In countries where assisted dying has been introduced, palliative care has continued to flourish and grow. It is reasonable to expect a similar improvement in Victoria, as assisted dying becomes available. The Victorian Government has made a clear commitment to strengthen palliative care services. The Bill just passed requires that palliative care is acknowledged and recommended to all persons requesting assisted dying.
Neither professional bodies nor religious foundations can claim absolute exemption from charges of coercion or abuse, yet they point to the threat of these with assisted dying. The continuing involvement of palliative care in all settings is one of the strongest safeguards for a dying person against any such risk.
Personal religious conviction helps govern and guide individual choice, and conscientious objection to personal participation in assisted dying is acknowledged and respected by the Victorian legislation. Its weight, in matters of policy and law in a secular and multi-ethnic community such as the state of Victoria, is more open to question. Individual conviction should not impose its religious values and views on others. Those who hold such convictions should be prepared to declare them openly. A Catholic institution clearly is entitled to exclude assisted dying from its facilities. How it will manage a request for assisted dying remains unclear, but health authorities and the public need to be confident that palliative care will continue to play its major role in care for all terminally-ill persons, including those who have opted to request assisted dying. That reassurance needs to be heard from those palliative care staff who oppose assisted dying.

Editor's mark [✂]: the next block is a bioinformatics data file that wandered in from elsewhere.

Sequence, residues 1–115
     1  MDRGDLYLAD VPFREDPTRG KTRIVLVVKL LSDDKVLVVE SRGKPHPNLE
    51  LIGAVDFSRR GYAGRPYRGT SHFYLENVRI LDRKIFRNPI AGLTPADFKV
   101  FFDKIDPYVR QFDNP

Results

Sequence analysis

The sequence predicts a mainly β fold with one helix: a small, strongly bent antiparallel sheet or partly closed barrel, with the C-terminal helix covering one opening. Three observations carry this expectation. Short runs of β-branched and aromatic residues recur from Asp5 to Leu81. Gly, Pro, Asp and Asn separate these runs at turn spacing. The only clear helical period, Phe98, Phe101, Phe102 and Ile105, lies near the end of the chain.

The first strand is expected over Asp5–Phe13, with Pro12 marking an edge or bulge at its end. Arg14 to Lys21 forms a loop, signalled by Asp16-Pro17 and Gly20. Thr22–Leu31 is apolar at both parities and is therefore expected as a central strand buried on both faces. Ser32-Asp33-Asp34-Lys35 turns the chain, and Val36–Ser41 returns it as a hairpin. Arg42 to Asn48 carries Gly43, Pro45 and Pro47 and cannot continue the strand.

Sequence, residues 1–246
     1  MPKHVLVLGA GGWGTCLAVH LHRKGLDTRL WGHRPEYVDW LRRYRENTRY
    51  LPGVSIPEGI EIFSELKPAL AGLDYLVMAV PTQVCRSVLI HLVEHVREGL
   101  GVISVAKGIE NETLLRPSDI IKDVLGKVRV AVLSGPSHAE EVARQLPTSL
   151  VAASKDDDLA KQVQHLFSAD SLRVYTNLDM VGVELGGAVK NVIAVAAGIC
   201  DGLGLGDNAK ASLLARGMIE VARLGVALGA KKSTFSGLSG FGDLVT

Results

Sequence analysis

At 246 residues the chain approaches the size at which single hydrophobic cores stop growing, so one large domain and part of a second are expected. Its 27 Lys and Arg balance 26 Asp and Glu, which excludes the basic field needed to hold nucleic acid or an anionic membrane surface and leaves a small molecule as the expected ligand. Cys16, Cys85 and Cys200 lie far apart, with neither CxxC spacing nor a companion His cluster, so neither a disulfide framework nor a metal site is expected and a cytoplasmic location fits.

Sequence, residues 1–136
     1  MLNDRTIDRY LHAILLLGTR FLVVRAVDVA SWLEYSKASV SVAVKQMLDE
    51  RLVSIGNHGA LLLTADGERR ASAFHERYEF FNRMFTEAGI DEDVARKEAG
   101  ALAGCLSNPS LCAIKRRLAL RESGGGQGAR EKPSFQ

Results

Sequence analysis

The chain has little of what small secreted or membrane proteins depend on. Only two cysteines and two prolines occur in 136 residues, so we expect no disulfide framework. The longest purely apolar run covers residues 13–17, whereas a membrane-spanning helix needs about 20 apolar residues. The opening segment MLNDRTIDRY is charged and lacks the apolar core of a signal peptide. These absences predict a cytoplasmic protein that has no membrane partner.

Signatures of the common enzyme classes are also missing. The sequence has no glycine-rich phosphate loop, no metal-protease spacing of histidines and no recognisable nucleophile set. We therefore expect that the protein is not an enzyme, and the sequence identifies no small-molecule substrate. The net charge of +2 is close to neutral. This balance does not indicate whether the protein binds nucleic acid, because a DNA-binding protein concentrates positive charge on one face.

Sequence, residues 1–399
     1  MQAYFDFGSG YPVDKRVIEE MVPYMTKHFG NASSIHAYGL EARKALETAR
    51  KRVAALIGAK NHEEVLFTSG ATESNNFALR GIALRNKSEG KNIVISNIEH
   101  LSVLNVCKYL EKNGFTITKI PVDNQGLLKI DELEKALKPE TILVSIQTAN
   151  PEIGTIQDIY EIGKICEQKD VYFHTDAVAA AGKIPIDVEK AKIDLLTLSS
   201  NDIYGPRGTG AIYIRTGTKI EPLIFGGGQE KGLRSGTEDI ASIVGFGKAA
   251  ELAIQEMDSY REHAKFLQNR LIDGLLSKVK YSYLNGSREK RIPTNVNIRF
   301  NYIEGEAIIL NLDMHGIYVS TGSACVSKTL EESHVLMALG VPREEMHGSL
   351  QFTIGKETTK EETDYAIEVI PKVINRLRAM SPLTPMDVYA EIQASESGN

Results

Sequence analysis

What lies ahead for assisted dying and palliative care? The acknowledged dedication to best practice among palliative care staff feeds confidence that palliative care and voluntary assisted dying will find separate and complementary but not competitive roles, respecting each other in a common focus on the care of persons who experience major discomfort in progressive, advanced terminal illness.
Emeritus Professor Ian Maddocks was appointed to the pioneer Chair of Palliative Care at Flinders University of South Australia in 1988, and subsequently elected foundation president of both the Australian Association for Hospice and Palliative Care (now Palliative Care Australia), and the Australian and New Zealand Society of Palliative Medicine. Study of theology during medical undergraduate years fostered interest in ethical and religious issues, and 14 years in Papua New Guinea encouraged understanding of ethnic diversity. Since retirement in 2015, he has continued to comment on health care, community medicine and medical ethics. In 2017, he was a member of the Ministerial Advisory Panel established by Victoria’s Minister for Health and Human Services to help prepare legislation for voluntary assisted dying.